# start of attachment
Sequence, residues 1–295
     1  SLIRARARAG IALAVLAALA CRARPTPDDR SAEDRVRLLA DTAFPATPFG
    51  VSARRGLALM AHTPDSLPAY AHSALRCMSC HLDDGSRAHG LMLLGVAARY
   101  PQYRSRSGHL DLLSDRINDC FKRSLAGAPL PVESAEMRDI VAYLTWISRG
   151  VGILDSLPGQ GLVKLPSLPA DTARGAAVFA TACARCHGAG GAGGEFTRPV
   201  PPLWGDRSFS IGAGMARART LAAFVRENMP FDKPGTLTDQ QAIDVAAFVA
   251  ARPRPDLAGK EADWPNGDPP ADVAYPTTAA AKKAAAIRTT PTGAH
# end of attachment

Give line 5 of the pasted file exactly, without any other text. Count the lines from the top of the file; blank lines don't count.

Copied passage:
   151  VGILDSLPGQ GLVKLPSLPA DTARGAAVFA TACARCHGAG GAGGEFTRPV